Matheus Passos created the Loft scene as a personal project inspired by the works of MIMO Studio and Insomia Architects from Poland in tandem with the 2011 Forum Summary – as an entry for it. He did a great job on this one, managing to achieve high levels of realism… especially in the detail shot you see up above. Read on as Matheus shares more information about his workflow in the creation of this scene.
Author: Matheus Passos
3D artist located in Bahia / Brazil doing Computer Graphics since 2010.
The work on the Loft scene was carried out in tandem with Ronen’s 2011 Summary on the forums, and inspired by the work of Insomnia Architects & MIMO Studio from Poland. I loved the Loft project very much and decided to give it go myself… modeling and rendering it.
Working with good reference plans is very important, and keeping within real world units (no matter what you use mm, cm, M) and have all elements scaled and proportionate to the scene. Here is my units setup.
I usually use LWF in my work, although it seems many have their own take on what LWF (Linear Work Flow). There are several tutorials on the internet where you can read about it one of the best was posted on this blog at Linear Workflow Made Simple by Matt Gorner.
Before I begin the 3d modeling, I prepare a 2d blueprint lines model serving as a base. I then use extrudes to push this base into 3d form and further detail the structure adding bevels and chamfers were needed to enhance the look.
To create the wall openings I use a method that some of you might consider odd – I use Pro Booleans for this… For me it’s the easiest way.
Here you can see how a small chamfer is used to soften the edges of the wall that arent perfectly sharp in real life.
The floor was modeled using the great Floor Generator plugin. It has been featured on this blog so many times, and for good reason! Check out Bertrands write-up about it at Using Floor Generator Script. It would be nice to see this work on vertical surfaces (or any other type of surface) too.
The main lighting source for this scene is a VRay Sun that work in tandem with a VRay Dome light loaded with an HDRI map.
I also added VRay Lights as Skylight Portals to the wall openings, to help with the faster calculation and light spread in the interior.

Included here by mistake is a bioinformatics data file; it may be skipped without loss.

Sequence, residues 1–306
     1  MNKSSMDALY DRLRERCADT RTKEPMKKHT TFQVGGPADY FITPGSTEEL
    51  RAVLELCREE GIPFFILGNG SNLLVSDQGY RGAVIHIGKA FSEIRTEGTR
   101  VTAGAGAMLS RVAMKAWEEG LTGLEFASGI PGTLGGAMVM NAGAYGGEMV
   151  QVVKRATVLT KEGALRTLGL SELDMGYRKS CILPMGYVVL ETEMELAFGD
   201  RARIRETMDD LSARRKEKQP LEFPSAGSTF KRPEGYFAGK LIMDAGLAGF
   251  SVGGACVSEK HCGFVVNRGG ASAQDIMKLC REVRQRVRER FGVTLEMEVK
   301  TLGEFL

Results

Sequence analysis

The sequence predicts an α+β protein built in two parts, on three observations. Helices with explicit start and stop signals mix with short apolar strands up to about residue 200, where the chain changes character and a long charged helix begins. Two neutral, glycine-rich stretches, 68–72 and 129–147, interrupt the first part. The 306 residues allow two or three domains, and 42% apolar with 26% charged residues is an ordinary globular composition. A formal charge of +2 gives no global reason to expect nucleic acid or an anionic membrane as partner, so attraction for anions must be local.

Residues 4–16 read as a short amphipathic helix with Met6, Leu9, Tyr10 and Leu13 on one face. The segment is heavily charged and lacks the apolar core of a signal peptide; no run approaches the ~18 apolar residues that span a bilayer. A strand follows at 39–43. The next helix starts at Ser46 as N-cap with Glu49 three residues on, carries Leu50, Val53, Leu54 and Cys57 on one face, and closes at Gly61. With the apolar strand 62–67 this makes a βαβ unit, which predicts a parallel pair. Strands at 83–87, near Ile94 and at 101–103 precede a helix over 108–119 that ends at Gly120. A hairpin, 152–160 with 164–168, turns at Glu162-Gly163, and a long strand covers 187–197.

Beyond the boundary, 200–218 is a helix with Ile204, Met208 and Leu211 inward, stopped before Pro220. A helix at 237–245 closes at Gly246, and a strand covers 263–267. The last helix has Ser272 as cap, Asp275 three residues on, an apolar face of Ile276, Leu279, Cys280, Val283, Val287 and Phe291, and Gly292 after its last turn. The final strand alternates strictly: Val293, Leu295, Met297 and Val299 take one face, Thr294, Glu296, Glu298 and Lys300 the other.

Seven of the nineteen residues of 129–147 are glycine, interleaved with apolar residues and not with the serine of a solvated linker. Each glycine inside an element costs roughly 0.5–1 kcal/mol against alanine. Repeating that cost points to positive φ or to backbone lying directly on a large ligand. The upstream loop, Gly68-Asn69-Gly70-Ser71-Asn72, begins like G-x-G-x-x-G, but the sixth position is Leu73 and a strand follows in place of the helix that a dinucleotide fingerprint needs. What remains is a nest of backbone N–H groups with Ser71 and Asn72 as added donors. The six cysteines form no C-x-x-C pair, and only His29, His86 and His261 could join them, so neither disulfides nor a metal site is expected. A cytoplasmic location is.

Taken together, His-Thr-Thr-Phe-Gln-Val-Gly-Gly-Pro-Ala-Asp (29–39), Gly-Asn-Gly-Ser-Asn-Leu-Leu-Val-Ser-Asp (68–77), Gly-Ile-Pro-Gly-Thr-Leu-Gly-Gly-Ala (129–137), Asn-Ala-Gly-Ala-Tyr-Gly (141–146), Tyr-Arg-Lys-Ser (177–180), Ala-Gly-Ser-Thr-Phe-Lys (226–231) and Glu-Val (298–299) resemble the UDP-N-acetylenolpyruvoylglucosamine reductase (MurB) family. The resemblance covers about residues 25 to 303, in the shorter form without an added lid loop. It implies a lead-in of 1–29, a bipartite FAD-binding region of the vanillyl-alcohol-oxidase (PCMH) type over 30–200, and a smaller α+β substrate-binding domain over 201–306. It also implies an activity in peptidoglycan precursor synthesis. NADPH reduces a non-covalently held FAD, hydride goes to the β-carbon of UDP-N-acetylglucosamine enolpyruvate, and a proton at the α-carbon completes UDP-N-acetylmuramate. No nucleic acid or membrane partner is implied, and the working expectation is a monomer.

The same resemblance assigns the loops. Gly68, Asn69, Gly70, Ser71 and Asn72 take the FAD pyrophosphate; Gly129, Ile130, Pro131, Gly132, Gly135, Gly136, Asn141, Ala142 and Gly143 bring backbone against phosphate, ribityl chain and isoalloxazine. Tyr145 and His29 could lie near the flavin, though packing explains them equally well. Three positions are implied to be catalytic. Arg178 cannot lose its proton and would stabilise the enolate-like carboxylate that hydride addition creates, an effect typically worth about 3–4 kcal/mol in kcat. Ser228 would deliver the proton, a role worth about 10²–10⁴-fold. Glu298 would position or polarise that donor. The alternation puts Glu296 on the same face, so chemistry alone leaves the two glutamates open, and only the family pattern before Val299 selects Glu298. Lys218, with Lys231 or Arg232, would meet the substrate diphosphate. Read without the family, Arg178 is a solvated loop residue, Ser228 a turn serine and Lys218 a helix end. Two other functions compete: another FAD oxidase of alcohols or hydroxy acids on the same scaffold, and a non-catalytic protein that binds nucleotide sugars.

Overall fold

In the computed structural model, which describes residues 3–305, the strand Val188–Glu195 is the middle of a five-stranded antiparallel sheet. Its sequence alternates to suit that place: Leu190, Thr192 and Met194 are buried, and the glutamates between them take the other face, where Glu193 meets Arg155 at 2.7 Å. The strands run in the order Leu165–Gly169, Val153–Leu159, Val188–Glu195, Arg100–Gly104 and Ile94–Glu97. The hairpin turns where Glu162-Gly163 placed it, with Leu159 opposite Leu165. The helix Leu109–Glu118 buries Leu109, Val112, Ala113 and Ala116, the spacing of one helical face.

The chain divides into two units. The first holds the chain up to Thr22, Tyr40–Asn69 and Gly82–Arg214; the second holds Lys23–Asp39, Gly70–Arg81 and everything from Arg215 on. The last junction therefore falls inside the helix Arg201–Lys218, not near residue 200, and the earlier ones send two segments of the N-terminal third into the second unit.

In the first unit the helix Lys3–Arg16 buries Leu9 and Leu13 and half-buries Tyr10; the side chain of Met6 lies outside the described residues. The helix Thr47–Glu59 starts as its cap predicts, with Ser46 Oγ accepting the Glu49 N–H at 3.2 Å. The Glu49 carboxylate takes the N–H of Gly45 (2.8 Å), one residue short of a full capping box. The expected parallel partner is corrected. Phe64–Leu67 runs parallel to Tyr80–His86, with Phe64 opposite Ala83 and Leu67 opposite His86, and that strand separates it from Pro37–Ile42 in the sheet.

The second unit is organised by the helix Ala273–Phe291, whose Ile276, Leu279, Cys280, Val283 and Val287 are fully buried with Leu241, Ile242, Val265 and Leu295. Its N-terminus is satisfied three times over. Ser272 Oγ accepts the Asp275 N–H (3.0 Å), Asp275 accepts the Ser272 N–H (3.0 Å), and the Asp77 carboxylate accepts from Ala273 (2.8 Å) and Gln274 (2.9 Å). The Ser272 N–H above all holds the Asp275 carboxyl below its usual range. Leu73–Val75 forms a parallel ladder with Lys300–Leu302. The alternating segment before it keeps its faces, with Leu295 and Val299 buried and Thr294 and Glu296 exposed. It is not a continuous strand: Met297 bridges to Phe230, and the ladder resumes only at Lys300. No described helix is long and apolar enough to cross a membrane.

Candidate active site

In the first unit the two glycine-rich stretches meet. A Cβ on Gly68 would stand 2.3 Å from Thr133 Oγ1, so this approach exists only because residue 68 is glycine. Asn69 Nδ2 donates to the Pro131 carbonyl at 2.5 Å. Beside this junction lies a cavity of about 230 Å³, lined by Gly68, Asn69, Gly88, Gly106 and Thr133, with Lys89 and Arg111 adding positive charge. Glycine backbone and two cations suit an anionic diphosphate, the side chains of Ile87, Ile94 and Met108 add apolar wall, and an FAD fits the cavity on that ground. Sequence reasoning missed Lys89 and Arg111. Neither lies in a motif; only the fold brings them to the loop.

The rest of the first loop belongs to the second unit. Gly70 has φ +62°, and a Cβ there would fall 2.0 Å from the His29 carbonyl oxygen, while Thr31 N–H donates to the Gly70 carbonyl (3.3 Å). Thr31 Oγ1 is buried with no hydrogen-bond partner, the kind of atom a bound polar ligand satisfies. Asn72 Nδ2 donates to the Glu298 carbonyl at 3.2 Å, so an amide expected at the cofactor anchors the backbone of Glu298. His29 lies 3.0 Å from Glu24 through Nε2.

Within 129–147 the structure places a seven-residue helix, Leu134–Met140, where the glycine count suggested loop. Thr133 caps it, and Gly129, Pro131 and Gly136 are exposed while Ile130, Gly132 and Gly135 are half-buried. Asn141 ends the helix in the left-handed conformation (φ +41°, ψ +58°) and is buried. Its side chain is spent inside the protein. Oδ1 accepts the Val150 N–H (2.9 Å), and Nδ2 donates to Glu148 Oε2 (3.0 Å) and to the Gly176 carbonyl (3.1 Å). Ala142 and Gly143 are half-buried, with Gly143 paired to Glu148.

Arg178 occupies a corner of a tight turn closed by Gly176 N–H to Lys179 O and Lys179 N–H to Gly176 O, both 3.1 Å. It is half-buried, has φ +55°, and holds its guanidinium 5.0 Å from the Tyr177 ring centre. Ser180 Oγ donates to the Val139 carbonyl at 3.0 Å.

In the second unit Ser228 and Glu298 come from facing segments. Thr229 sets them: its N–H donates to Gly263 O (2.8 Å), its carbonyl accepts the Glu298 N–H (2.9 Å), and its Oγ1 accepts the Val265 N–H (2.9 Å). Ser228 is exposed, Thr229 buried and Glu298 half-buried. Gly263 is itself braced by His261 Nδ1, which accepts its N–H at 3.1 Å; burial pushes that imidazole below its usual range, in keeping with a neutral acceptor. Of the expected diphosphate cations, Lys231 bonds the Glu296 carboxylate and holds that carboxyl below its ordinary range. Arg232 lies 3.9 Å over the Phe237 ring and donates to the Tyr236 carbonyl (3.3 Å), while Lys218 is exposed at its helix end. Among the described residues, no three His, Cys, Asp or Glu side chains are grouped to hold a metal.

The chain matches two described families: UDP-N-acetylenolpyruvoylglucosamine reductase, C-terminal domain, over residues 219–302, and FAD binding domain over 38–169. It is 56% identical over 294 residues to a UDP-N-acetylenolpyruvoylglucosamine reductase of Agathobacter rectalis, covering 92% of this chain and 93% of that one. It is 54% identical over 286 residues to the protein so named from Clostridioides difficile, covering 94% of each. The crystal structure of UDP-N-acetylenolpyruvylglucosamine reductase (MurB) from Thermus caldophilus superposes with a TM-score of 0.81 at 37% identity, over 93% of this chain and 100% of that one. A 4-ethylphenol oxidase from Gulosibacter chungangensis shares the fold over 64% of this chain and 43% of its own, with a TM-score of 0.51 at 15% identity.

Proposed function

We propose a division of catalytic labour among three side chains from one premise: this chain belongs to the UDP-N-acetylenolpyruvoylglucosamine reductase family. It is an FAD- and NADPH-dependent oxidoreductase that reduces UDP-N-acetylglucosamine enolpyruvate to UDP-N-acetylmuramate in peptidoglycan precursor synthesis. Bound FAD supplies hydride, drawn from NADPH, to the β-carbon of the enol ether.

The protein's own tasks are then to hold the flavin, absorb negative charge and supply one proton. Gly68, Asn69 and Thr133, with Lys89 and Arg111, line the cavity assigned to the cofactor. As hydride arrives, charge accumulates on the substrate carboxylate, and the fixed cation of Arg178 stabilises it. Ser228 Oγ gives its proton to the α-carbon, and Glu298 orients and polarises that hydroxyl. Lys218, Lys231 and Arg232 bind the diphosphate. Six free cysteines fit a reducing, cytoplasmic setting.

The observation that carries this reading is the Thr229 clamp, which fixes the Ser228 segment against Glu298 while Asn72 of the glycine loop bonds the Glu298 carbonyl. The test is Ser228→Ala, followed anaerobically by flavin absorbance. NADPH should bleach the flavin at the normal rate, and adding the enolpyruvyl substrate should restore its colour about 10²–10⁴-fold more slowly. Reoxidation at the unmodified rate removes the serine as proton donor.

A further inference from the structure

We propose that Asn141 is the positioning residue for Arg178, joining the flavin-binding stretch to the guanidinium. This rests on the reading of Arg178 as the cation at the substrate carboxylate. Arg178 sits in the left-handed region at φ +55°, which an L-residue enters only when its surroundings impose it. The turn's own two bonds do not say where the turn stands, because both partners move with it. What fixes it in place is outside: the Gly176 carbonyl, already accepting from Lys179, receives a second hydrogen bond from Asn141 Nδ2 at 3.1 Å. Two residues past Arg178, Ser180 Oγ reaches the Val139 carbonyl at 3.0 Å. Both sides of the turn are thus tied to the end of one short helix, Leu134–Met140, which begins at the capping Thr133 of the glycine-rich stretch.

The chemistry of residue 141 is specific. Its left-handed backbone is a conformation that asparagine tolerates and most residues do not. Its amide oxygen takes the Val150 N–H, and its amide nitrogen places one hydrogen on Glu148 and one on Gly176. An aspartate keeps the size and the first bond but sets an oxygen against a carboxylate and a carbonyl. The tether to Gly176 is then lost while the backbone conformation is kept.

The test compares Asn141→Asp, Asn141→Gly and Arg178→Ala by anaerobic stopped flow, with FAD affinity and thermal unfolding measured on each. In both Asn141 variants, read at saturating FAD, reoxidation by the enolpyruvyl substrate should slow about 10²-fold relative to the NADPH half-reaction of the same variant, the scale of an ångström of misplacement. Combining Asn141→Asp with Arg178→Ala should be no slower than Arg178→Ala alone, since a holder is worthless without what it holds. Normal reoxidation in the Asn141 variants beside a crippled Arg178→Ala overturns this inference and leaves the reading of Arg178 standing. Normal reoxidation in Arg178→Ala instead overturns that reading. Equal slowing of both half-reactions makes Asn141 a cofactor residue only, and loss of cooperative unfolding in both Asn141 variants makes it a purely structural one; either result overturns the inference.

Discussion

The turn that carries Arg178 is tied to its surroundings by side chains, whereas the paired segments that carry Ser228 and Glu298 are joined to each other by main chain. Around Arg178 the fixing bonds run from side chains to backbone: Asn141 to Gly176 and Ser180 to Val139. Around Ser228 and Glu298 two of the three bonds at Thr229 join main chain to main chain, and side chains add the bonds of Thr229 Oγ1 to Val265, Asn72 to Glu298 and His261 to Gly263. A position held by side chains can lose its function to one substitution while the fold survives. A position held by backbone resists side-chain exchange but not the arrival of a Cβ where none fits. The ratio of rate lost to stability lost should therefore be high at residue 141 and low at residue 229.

You can see my lighting setup below
Viewpoints / Cameras
Picking good viewpoint good compositions is super important , and so I setting up the cameras. I use the VRay Physical Camera due to the correlation with real-life camera settings.
Notice the color balance tweaks I made due to the warm nature of the scene having lots of wood I use WB to counter balance that for the end result.
I great advantage we as CG artist have vs. real world photographers is seeing behind walls! Like Superman!!!
You can only push the wide angle so far before it looks way too odd and you still did not capture enough of a given room. Here’s where the camera clipping plane feature comes to your rescue.
I place the camera outside the room behind the wall and the clipping plane was pushed forward just so I pass that wall slightly and so uncover the room interior for the camera.
Furniture 3D Models
Many people asked me about the furniture I used in this scene. Did I model them myself, or purchased ready made models?
Well theres nothing wrong with buying ready made models (as long as you do keep trying modeling some yourself, perfecting your skills you can learn a lot form the works of other this way).
I did some shopping prior to my work on the Loft scene, and tested the models in it. Some of the 3d furniture models were made by Bertrand Benoit (BBB3viz). He is a great inspiration to me and his work is of the highest quality in our industry.
I also used 3d furniture models by designconnected which I like to highlight here. Using them for the first time I was very glad to find they were well modeled and have great realistic quality in textures too (even though I tweaked those for my own purpose and taste). They are also very affordable, which is super important for me and anyone else I assume. The balance between modeling it yourself vs. buying them depends on that greatly, so this helps.
In this experiment I found it very important to use professional models, which made ??my work faster. I used 5 DC models : Cityloft Sofa, Lanshire Clock Works Dancer, Ligne Roset Africa, BD Barcelona Flamingo and an N/A Pendant Lamp.
The material node view
One bump on the top right and variations of the diffuse color.
The material node view
The material node view
I used the MultiTexture plugin for creating the variation in the floor wood planks.
Heres the viewport camera view selected just before I went to rendering the final image
You may find that the irradiance map method quality is low, but it can be easily solved if you increase the number of the global subdivision multiplier…
In the original rendering I used the value 3. But I re-rendered with the value of 8 which gave me a result of walls without spots
I might have started to low, but this is none important what you need to know is that you can and should play with the settings to learn what they do and thus better optimize your rendering process (or get a monster computer and just use brute force even then you will quickly demand more of your workstation, since we always want more so learn to optimize).
Here is the new render with the global subdivs multiplier at 8
I did very little post production in this project and aimed for getting it all done in pure render as much as I could. I do output some passes just in case I need them, but mostly do a few color corrections and that is it!
This is how it came out the renderer.
And this is the result of post-production. To simulate the light from the lamp I used Magic Bullet for Photoshop.
I hope this article helped you in some way. I enjoyed writing it and please feel free to ask anything you want in the comments section below.
Thank you very much,